The program enabled flight validation of 35 technologies that were tested in space-like environments on four different flight platforms during the year. There were five parabolic flight campaigns on the Zero-G airplane, five flights of the Near Space Corporation’s high-altitude balloon, four vertical takeoff, vertical landing flights on vehicles from Masten Space Systems and two launches on suborbital rockets provided by UP Aerospace, Inc.
The Flight Opportunities Program, managed by NASA’s Armstrong Flight Research Center at Edwards, Calif., will be funding numerous flights by sub-orbital vehicles and aircraft during 2014 to flight-validate a variety of technologies that could prove useful to NASA and other agencies for future space exploration missions. At this time, 19 parabolic and 17 sub-orbital payloads have been manifested for flight. Up to 29 additional payloads could be flown, once they are ready for flight or a launch vehicle is available.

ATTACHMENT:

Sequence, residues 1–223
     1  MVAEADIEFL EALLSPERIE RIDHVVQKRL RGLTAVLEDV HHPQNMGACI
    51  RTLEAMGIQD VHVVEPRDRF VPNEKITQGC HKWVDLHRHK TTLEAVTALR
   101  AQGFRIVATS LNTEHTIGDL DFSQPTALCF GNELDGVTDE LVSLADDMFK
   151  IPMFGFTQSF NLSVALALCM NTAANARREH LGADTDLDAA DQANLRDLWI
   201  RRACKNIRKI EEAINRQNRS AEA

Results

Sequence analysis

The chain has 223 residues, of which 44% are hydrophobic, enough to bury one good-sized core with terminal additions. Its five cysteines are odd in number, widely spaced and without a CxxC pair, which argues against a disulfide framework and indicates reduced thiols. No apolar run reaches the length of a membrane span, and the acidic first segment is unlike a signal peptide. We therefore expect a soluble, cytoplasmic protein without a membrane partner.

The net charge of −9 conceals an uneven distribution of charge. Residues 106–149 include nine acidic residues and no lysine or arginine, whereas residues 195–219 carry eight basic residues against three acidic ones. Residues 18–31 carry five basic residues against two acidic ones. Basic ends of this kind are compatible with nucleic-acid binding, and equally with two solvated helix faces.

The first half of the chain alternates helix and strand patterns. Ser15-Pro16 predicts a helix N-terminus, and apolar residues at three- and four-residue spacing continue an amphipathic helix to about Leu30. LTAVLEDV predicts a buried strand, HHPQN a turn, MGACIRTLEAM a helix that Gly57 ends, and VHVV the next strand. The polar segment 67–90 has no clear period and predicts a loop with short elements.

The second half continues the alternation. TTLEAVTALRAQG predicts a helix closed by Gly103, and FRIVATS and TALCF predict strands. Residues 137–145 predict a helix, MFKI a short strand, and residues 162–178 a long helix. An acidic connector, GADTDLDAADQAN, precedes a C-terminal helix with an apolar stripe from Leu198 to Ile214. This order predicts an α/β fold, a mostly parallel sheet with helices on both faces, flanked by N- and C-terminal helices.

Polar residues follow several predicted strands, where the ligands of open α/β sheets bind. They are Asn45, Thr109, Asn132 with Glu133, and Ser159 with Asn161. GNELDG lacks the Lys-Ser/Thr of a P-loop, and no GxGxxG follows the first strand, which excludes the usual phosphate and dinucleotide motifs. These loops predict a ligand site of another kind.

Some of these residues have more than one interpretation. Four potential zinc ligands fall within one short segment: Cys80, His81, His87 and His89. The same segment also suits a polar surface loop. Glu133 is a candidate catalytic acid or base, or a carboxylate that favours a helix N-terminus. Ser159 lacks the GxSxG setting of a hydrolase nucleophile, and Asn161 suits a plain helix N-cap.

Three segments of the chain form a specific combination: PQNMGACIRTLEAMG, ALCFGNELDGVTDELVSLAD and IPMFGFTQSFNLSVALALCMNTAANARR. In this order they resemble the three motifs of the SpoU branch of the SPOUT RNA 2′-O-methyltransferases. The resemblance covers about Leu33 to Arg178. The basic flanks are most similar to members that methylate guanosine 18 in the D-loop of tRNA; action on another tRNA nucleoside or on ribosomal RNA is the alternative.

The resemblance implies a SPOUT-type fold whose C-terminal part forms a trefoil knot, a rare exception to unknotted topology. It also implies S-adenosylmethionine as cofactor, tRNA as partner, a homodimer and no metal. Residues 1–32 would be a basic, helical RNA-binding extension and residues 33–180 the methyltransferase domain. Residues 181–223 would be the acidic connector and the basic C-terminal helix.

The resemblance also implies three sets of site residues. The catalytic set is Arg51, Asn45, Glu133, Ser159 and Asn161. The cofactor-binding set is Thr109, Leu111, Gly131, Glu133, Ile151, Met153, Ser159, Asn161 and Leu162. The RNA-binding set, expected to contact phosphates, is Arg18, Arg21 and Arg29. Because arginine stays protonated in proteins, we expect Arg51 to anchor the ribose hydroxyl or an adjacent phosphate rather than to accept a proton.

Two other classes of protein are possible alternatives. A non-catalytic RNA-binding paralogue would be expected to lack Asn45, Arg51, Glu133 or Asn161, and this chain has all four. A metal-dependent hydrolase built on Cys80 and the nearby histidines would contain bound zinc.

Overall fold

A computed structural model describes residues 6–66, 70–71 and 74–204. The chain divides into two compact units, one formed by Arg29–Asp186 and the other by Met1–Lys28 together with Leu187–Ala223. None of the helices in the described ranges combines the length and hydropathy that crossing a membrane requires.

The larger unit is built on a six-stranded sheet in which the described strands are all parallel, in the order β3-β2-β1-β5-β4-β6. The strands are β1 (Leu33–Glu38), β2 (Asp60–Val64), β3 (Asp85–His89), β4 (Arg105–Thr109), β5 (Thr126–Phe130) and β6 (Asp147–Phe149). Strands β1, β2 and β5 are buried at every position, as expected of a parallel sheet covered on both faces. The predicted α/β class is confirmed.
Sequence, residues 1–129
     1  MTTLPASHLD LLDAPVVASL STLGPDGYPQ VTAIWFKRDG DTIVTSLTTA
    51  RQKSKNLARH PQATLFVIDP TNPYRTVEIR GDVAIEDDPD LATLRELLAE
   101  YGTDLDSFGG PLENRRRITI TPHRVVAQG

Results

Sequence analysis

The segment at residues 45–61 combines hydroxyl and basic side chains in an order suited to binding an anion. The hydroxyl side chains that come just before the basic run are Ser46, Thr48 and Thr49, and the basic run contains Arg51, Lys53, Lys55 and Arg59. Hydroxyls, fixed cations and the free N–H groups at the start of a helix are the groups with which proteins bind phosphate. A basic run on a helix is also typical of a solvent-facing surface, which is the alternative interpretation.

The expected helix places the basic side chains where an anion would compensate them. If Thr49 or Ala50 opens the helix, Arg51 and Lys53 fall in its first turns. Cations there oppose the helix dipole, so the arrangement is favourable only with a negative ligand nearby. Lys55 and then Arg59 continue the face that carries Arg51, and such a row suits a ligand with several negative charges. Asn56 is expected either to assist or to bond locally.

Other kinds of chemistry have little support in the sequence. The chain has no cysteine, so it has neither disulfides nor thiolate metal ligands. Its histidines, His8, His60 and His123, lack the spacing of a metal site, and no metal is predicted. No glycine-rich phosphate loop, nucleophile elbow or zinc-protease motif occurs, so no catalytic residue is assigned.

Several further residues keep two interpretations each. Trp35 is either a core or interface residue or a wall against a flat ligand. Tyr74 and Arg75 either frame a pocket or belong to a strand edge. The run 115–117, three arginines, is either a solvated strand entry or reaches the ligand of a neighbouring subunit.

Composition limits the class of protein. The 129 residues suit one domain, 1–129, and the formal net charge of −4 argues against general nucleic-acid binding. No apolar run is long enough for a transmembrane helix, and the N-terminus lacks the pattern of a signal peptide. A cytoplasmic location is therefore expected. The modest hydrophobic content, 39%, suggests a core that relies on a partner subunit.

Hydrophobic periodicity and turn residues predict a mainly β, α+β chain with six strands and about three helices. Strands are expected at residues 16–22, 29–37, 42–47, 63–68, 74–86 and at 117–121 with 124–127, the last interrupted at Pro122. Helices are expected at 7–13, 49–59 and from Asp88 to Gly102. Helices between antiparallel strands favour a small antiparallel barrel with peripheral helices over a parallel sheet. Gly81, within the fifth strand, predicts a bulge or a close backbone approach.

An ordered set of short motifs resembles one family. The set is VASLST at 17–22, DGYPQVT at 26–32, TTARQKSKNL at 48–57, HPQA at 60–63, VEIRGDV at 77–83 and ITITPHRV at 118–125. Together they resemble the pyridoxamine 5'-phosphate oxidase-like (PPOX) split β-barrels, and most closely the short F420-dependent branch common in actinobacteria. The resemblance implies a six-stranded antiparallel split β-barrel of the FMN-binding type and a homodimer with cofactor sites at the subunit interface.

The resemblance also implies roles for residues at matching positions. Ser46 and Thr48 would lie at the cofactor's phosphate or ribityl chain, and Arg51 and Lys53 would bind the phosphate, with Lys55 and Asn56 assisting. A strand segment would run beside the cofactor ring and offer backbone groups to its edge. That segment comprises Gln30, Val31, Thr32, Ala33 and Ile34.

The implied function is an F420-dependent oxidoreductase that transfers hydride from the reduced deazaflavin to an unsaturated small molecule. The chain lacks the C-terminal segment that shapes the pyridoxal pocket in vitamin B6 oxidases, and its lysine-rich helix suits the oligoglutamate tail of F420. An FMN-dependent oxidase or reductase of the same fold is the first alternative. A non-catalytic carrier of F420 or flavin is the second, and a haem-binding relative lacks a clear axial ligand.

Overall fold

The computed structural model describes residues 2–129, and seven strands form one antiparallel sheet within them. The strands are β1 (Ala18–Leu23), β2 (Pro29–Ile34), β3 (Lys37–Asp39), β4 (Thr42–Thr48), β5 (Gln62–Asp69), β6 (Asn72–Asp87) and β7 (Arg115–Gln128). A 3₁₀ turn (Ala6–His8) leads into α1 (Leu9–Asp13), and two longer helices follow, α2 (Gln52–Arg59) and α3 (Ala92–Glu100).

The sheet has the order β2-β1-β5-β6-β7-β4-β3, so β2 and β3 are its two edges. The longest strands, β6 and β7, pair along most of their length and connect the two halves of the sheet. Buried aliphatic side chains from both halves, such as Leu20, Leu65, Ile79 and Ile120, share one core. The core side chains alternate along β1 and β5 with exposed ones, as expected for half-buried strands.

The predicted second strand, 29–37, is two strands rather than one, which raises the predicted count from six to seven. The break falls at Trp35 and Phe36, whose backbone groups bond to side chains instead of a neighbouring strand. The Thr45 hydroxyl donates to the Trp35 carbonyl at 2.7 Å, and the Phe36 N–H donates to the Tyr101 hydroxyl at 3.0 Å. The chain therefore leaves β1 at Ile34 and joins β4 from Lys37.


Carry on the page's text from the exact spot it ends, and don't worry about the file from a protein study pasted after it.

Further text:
Current flight providers include UP Aerospace (sounding rockets), Near Space Corporation (high-altitude balloons, the HASS glider), Masten Space Systems (rocket-propelled vertical-launch, vertical-landing vehicles), Zero-G Corporation (modified Boeing 727 aircraft for reduced-gravity parabolic flights) and Virgin Galactic (SpaceShipTwo rocket-propelled horizontal landing sub-orbital vehicle). The Flight Opportunities Program will be issuing a new contract for flight providers this year.
Among the earliest technology flight validations on the 2014 schedule is an automated spacecraft landing system payload from Astrobotic Technology Inc. of Pittsburgh that is tentatively slated to be tested on Masten Space Systems XA-0.1B “Xombie” suborbital reusable launch vehicle in February. Astrobotic’s landing system may enable future unmanned spacecraft to land on the moon or the rocky and hazardous terrain of an asteroid.
Following completion of sub-orbital flight testing, Virgin Galactic’s SpaceShipTwo is tentatively scheduled to carry technology payloads for NASA’s Flight Opportunities Program later this year.
For more on NASA’s Flight Opportunities Program, visit:
Leslie Williams / Alan Brown, public affairs
NASA Armstrong Flight Research Center